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Educrats and lobbyists are celebrating a victory after liberal Republicans partnered with Democrats to kill a proposal that would have laid the groundwork for conservative reform.

On Monday, just over thirty Republicans sabotaged attempts by State Rep. Bill Zedler (R–Arlington) to add an amendment to Senate Bill 16, a proposal to create a commission to recommend improvements to the public school finance system.

Zedler’s amendment was simple. It merely called for the newly formed School Finance Commission to study “the effect on school districts of deducting or withholding payment of dues, fees, or contributions to a teacher union organization, teacher association, or professional teacher organization.”

Such a proposal is anything but controversial.

Eliminating the automatic collection of labor union dues by governmental entities is a part of the Republican Party Platform and one of the items on Abbott’s agenda for lawmakers. It’s passed the Texas Senate with overwhelming Republican support in the 84th regular session, 85th regular session, and this special session.

Yet Zedler’s amendment to simply study the idea drew intense criticism from two of Straus’ allies, State Reps. Byron Cook (R–Corsicana) and Dan Huberty (R–Kingwood) who described it as “teacher discrimination” in debate against the amendment. Their intense opposition was no surprise. For years, Cook has used his position of power in the Texas House to kill union dues legislation without a vote and Huberty has been beholden to teachers unions.

To ensure he won this one, Cook and his allies began whipping Republicans and enlisted 32 of them to join with Democrats and oppose Zedler’s amendment. Even though a majority of the House Republican Caucus voted with Zedler, they were defeated by the Republican-Democrat coalition that controls the Texas House.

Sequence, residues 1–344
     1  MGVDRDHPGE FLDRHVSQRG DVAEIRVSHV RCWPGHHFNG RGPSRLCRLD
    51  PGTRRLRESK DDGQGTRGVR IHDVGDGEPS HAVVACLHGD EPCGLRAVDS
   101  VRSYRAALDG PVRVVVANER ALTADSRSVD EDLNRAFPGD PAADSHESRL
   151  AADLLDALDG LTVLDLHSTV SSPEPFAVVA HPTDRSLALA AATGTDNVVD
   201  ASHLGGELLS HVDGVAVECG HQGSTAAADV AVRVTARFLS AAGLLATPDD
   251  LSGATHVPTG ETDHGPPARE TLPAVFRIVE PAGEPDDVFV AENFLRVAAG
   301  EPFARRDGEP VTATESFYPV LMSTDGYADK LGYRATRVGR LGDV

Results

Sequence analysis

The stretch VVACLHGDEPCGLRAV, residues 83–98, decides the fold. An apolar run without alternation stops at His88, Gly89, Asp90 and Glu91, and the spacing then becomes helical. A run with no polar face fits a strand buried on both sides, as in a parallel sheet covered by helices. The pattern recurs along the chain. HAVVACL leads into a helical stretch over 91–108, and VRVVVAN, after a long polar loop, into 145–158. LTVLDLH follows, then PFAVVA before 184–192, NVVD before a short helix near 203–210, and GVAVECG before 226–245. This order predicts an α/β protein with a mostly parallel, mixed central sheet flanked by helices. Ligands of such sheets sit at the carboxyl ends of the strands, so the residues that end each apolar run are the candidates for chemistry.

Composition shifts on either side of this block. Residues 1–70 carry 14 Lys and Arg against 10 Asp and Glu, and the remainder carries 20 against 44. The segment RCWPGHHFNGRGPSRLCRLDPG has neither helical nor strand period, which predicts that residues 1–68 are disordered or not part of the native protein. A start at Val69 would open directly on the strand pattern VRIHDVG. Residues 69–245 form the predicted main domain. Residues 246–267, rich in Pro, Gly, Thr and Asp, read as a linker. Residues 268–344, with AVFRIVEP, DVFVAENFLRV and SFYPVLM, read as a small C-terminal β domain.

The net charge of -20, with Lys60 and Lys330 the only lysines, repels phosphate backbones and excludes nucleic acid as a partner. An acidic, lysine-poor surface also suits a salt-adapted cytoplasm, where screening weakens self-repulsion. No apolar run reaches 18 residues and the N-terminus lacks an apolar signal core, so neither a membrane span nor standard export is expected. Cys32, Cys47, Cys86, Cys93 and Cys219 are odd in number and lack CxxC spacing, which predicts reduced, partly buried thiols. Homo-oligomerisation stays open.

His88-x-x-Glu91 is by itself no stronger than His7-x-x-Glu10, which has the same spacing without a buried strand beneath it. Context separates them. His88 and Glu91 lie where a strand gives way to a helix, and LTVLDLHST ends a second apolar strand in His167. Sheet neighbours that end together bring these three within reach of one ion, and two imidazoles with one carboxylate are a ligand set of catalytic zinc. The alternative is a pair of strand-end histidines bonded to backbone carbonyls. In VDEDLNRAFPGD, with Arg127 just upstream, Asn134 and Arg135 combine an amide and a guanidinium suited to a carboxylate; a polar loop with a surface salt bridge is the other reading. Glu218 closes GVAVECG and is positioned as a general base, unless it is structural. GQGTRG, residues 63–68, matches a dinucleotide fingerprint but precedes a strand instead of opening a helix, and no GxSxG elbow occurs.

The vote was 49-78.

The lawmakers who voted with the Democrats were State Reps. Ernest Bailes (Liberty), Byron Cook (Corsicana), Scott Cosper (Temple), Sarah Davis (West University Place), Dan Flynn (Canton), Charlie Geren (Fort Worth), Larry Gonzales (Round Rock), Lance Gooden (Athens), Justin Holland (Rockwall), Dan Huberty (Houston), Todd Hunter (Corpus Christi), Kyle Kacal (College Station), Ken King (Canadian), Ed Keumpel (Seguin), Stan Lambert (Abilene), Lyle Larson (San Antonio), JM Lozano (Beeville), Geanie Morrison (Victoria), Chris Paddie (Marshall), Dade Phelan (Beaumont), Larry Phillips (Sherman), Four Price (Amarillo), John Raney (College Station), JD Sheffield (Gatesville), Hugh Shine (Temple), Drew Springer (Muenster), Phil Stephenson (Wharton), Lynn Stucky (Sanger), Ed Thompson (Pearland), Gary VanDeaver (New Boston), James White (Hillister), and John Wray (Waxahachie).

But even worse than the 32 Republicans who turned their back on their own voters and rebuked the governor are the lawmakers who ducked the vote.

Republican State Reps. Trent Ashby (Lufkin), Cecil Bell (Magnolia), Greg Bonnen (Freindswood), Giovanni Capriglione (South Lake), Travis Clardy (Nacadoches), Jay Dean (Longview), Phil King (Weatherford), Jodie Laubenberg (Parker), and Scott Sanford (McKinney) all voted on the motions before and after Zedler’s amendment, but neglected to register a position on the amendment itself.

Some of these may be unintentional, such as Sanford whose office told Texas Scorecard that the lawmaker was off the floor and intends to enter a journal statement in support of Zedler’s amendment. However, several of the absent representatives are known to be duplicitous and deceitful towards taxpayers.

A few of the absent members are particularly egregious, such as Phil King, who was carrying the bill and refused to accept Zedler’s amendment even after allowing six from Democrats. Joining him is Capriglione who multiple members say intentionally walked away to avoid taking a stand on the issue.

The vote is simply the latest in a growing list of occasions when the Republican majority has been defeated by defectors from their own party siding with Democrats. Both Gov. Greg Abbott and Texas voters should hold these lawmakers accountable.

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